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Comparing the performance and operation stability of an SBR and MBBR for single-stage nitritation-anammox treating wastewater with high organic load

Lackner, Susanne and Horn, Harald (2012):
Comparing the performance and operation stability of an SBR and MBBR for single-stage nitritation-anammox treating wastewater with high organic load.
In: Environmental Technology, pp. 1319-1328, 34, (10), ISSN 0959-3330,
[Online-Edition: http://dx.doi.org/10.1080/09593330.2012.746735],
[Article]

Abstract

Single stage nitritation-anammox reactors have gained increasing attention for their application in municipal and industrial wastewater treatment. The most commonly used system in municipal reject water treatment is at present the sequencing batch reactor (SBR), the moving-bed biofilm reactor (MBBR) is the second most common. However, little is known about their applicability to industrial wastewaters with high C/N ratios. This study presents a comparative approach to evaluate the performance of these two systems by changing the influent from reject water (C:N ratio 1:1) stepwise to an industrial wastewater (C:N ratio 3:1). An intentionally induced temperature drop that led to nitrite accumulation was also tested. The results showed that the MBBR (1.9 kg-N m?3 d?1) was superior to the SBR (0.5 kg-N m?3 d?1) with at maximum up to four times higher volumetric nitrogen removal rates. Both systems accumulated nitrite (>100 mg-N L?1) during the temperature drop from 30°C to as low as 18°C (MBBR) and 20°C (SBR), which subsequently resulted in almost complete loss in the removal capacities. However, the previous removal rates could be re-established in both systems within approximately 40 days. In comparison, the MBBR showed the more stable and higher performance even though higher nitrite concentrations (up to 500 mg-N L?1) were encountered. Overall, MBBR operation and handling was also easier and the system was more robust to disturbances compared to the SBR.

Item Type: Article
Erschienen: 2012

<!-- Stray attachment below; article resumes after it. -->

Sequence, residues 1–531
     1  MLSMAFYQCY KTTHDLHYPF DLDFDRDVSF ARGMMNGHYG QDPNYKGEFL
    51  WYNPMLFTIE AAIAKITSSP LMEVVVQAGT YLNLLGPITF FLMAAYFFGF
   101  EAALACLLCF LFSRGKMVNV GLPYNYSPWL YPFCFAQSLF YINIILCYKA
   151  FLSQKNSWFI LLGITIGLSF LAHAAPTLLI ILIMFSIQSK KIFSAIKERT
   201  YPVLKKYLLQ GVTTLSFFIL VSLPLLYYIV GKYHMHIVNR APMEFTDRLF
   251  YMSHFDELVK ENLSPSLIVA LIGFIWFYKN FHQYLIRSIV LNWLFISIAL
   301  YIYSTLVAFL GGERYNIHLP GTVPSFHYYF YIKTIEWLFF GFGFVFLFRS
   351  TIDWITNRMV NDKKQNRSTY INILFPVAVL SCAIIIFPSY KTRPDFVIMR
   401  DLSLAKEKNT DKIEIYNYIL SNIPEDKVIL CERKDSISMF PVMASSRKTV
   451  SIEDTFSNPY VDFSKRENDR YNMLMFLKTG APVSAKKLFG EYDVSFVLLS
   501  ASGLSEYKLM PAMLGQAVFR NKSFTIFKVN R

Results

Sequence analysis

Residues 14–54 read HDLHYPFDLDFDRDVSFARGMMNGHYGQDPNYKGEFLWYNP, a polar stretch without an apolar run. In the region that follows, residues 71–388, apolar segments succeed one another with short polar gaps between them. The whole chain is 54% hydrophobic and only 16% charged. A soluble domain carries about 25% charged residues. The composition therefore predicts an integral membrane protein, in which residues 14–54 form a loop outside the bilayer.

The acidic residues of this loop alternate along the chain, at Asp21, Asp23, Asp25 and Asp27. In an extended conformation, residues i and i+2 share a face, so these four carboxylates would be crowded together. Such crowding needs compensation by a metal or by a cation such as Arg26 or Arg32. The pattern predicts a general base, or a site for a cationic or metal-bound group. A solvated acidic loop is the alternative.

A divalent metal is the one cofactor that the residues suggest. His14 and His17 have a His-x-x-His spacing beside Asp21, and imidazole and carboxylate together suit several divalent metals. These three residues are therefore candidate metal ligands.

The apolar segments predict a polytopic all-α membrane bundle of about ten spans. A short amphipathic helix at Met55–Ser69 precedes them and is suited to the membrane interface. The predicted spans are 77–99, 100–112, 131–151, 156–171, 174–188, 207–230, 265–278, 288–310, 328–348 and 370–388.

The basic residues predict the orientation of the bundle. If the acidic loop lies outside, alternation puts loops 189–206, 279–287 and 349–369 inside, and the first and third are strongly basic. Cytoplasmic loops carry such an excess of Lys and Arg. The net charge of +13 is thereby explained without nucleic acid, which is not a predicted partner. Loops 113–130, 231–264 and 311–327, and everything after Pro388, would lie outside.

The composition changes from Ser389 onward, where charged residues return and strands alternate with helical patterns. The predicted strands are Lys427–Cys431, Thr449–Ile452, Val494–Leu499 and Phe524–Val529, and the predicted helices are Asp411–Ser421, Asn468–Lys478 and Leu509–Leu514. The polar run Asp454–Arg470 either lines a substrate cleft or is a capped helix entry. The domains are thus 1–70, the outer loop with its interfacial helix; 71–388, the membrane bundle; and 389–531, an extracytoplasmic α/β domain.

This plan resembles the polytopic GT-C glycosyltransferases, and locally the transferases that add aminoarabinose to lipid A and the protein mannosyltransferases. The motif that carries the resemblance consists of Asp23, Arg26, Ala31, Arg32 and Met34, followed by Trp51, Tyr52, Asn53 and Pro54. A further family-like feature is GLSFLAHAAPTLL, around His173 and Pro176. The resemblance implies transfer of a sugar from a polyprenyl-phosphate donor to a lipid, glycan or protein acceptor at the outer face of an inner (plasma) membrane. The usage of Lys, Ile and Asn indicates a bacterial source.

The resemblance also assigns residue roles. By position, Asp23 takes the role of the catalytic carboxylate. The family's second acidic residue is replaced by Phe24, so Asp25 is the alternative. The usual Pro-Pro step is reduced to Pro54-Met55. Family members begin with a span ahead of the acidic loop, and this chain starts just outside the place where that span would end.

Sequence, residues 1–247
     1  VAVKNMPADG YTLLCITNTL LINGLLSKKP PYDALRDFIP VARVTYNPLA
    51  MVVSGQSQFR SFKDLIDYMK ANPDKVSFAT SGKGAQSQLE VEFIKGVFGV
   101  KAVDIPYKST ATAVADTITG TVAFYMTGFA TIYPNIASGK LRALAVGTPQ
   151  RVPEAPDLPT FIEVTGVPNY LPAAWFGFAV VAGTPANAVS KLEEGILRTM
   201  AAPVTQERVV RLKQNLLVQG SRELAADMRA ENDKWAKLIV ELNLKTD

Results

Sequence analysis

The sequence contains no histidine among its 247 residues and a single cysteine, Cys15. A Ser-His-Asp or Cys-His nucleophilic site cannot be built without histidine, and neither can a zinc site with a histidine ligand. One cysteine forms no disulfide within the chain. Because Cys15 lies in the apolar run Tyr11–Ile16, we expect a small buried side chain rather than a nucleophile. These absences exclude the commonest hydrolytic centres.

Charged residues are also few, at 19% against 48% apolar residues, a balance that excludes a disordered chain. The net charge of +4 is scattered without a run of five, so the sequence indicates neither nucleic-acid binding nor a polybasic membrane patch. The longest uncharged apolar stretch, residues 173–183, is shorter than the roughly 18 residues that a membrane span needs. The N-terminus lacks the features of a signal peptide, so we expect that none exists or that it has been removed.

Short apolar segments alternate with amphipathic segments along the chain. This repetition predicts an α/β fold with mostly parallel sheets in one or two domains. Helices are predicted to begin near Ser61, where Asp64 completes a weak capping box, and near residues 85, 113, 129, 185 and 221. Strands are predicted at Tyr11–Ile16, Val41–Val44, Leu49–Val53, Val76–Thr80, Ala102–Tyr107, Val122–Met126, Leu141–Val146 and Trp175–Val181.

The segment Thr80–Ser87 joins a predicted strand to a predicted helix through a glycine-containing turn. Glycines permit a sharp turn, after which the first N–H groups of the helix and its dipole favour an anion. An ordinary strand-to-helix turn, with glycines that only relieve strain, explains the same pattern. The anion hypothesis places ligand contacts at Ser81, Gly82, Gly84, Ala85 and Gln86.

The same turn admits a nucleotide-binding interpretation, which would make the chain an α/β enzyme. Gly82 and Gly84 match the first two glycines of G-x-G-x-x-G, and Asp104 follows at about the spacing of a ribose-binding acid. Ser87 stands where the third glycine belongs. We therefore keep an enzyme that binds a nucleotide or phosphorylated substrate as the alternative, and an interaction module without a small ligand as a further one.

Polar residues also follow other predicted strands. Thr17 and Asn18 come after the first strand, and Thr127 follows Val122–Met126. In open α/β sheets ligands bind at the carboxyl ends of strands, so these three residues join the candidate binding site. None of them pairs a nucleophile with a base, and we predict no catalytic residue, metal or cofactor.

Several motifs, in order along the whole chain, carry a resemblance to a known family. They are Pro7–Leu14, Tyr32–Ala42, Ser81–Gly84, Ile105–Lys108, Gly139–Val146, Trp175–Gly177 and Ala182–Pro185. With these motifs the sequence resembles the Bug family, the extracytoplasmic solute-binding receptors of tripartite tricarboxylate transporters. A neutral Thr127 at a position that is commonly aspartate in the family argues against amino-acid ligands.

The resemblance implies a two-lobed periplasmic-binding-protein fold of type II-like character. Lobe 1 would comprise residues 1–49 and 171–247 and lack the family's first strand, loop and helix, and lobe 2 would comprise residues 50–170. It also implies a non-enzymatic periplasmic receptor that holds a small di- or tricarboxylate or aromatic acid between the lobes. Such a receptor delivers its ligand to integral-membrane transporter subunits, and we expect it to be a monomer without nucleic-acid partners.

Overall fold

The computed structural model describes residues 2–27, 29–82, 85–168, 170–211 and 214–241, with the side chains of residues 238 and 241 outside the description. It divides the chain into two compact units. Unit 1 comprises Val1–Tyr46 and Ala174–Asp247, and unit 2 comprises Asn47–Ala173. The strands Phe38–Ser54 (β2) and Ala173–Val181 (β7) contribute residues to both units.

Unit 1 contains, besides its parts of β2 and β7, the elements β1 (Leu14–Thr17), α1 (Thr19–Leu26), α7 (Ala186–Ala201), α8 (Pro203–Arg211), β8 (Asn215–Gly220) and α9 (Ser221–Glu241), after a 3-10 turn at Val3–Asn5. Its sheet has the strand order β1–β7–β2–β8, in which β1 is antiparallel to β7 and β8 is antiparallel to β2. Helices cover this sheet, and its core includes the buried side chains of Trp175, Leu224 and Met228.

Creators: Lackner, Susanne and Horn, Harald
Title: Comparing the performance and operation stability of an SBR and MBBR for single-stage nitritation-anammox treating wastewater with high organic load
Language: English
Abstract:

Single stage nitritation-anammox reactors have gained increasing attention for their application in municipal and industrial wastewater treatment. The most commonly used system in municipal reject water treatment is at present the sequencing batch reactor (SBR), the moving-bed biofilm reactor (MBBR) is the second most common. However, little is known about their applicability to industrial wastewaters with high C/N ratios. This study presents a comparative approach to evaluate the performance of these two systems by changing the influent from reject water (C:N ratio 1:1) stepwise to an industrial wastewater (C:N ratio 3:1). An intentionally induced temperature drop that led to nitrite accumulation was also tested. The results showed that the MBBR (1.9 kg-N m?3 d?1) was superior to the SBR (0.5 kg-N m?3 d?1) with at maximum up to four times higher volumetric nitrogen removal rates. Both systems accumulated nitrite (>100 mg-N L?1) during the temperature drop from 30°C to as low as 18°C (MBBR) and 20°C (SBR), which subsequently resulted in almost complete loss in the removal capacities. However, the previous removal rates could be re-established in both systems within approximately 40 days. In comparison, the MBBR showed the more stable and higher performance even though higher nitrite concentrations (up to 500 mg-N L?1) were encountered. Overall, MBBR operation and handling was also easier and the system was more robust to disturbances compared to the SBR.

Journal or Publication Title: Environmental Technology
Volume: 34
Number: 10
Divisions: 13 Department of Civil and Environmental Engineering Sciences
13 Department of Civil and Environmental Engineering Sciences > Institute IWAR
13 Department of Civil and Environmental Engineering Sciences > Institute IWAR > Wastewater Engineering
Date Deposited: 13 Jul 2017 08:23
Official URL: http://dx.doi.org/10.1080/09593330.2012.746735
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